Four Anderson University students attended the Justice Conference earlier this year, thanks to scholarships from the university’s Peace and Conflict Transformation (PACT) program. The four students are officers in BOUND, an anti-human trafficking group on campus that focuses on fundraising, informing the public, and taking action in the community to engage in justice. The conference helped them pursue their mission of spreading justice locally and globally.
BOUND works to fight trafficking by serving in the Anderson community, working with women’s shelters, raising money for organizations, and advocating at events on campus and around the community. For Super Bowl XLVI, BOUND organized an activity during which AU students labeled bathroom soaps with an emergency number that residents could call if they found themselves in a trafficking situation. These were placed in hotels all across Indianapolis. Because of the soaps and the efforts of other nonprofits in Indianapolis, two victims of human trafficking were recovered that weekend, according to the Super Bowl host committee.
[Photo: Author Rachel Lloyd, an advocate for the fight against human trafficking, was one of the keynote speakers at the Justice Conference.]
The Justice Conference was held in Portland, Ore., on Feb. 24-25. “It was incredible,” said Alissa Cain, sophomore nursing major and president of BOUND. “There were speakers from all over the country, organizations from around the world, and so much quality information given about aligning our hearts with God. We heard from a variety of inspiring leaders. … We are so blessed and incredibly thankful for PACT’s gift and the love that went to sending us to Portland.”
Renowned speakers such as Rachel Lloyd, author of Girls Like Us: Fighting for a World Where Girls Are Not For Sale, and Shane Claiborne, founding partner of the Simple Way faith community, changed the scope of BOUND for the future. “Before the conference, our club only focused on human trafficking,” said Leah Gilbert, sophomore Spanish major and vice president of BOUND. “However, since we’ve attended the conference, we have a much broader view of how all forms of poverty are connected. I didn’t realize how joined all issues of justice are. I had always identified justice as ending human trafficking. I was never necessarily apathetic to providing clean water, but these speakers influenced me to see that everything is caused by something else.”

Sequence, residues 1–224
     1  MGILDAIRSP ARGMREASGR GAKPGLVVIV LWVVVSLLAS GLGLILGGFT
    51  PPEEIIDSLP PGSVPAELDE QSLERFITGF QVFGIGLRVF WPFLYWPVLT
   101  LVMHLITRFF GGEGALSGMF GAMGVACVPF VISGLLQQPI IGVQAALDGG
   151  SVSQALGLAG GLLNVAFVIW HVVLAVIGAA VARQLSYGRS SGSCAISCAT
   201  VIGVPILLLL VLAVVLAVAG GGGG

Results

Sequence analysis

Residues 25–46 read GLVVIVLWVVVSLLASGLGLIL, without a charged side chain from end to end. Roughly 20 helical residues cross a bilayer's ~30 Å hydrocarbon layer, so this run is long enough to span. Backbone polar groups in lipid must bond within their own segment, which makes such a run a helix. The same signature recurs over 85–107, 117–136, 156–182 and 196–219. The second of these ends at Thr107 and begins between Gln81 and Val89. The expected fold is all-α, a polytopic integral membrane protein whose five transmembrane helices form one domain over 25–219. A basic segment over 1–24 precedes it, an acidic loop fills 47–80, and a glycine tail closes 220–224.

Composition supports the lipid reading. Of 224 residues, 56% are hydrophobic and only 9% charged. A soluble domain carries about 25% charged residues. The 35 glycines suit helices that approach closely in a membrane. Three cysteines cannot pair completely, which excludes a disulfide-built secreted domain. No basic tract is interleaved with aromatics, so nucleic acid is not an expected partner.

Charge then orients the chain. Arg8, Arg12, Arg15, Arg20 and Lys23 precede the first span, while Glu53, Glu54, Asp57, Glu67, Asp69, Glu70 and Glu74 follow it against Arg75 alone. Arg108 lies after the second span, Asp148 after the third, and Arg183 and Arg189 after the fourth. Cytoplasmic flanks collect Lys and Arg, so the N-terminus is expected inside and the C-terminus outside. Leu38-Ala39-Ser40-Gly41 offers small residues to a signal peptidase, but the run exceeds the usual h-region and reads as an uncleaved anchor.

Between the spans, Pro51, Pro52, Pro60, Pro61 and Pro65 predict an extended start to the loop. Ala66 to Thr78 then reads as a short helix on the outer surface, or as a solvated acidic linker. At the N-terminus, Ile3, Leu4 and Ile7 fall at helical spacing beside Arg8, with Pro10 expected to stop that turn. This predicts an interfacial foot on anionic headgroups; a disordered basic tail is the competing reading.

Cain thinks that the conference has brought a new sense of excitement to the club. “We brought back so many ideas to present to the members of BOUND. Right now we are planning the rest of our projects for the semester and so much passion is being spurred on by us coming back, excited about what God is doing, and the members having such a heart to end this injustice,” she said.
Audrey Weiger, advisor for BOUND, also believes that this conference will have a big impact on the future of BOUND. “Understanding the nature of God is imperative to how we address the issues of human trafficking, poverty, peace, and community development,” she said. Weiger thinks that the students now have a better understanding of justice and the goals they would like to accomplish through BOUND.
The BOUND officers hope to return to the conference next year. “Each officer took away something different,” said Cain. “I think the overall consensus was that we are passionate about ending human trafficking. However, there is so much that needs to be done before this can end. We have to look at poverty, gender conflict, issues of socioeconomic status, and so many other issues that lead to this injustice. The conference fueled our desire to serve in the Anderson community and to love the least of these, right here and right now. This is our heart for this campus and this world.”
— Kelli Oxley is a sophomore from Anderson University, majoring in communication arts. Oxley is an associate with Fifth Street Communications™, writing on behalf of the Anderson University Office of University Communications.
Anderson University is a private Christian university of 2,600 undergraduate and graduate students in central Indiana. Anderson University continues to be recognized as one of America's top colleges by U.S. News and World Report, The Princeton Review, and Forbes. Established in 1917 by the Church of God, Anderson University offers more than 65 undergraduate majors and graduate programs in business, education, music, nursing, and theology.